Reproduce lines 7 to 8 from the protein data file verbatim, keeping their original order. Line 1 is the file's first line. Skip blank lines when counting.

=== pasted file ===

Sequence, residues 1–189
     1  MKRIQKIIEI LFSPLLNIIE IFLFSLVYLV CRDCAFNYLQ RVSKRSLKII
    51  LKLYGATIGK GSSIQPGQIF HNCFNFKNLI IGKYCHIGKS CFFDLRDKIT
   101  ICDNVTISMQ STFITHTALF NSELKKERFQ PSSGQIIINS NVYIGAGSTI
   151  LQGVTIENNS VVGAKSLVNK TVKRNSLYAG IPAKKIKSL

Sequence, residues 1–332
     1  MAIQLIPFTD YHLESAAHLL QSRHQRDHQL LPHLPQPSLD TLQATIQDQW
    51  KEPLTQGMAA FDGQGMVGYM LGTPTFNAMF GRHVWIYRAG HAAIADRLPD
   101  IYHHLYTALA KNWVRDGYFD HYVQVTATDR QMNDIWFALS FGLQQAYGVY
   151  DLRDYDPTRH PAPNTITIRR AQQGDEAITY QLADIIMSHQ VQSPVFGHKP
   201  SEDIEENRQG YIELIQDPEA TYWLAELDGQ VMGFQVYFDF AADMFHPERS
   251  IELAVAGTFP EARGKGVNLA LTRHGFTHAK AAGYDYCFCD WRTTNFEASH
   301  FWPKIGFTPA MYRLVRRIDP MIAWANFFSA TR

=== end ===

     1  MAIQLIPFTD YHLESAAHLL QSRHQRDHQL LPHLPQPSLD TLQATIQDQW
    51  KEPLTQGMAA FDGQGMVGYM LGTPTFNAMF GRHVWIYRAG HAAIADRLPD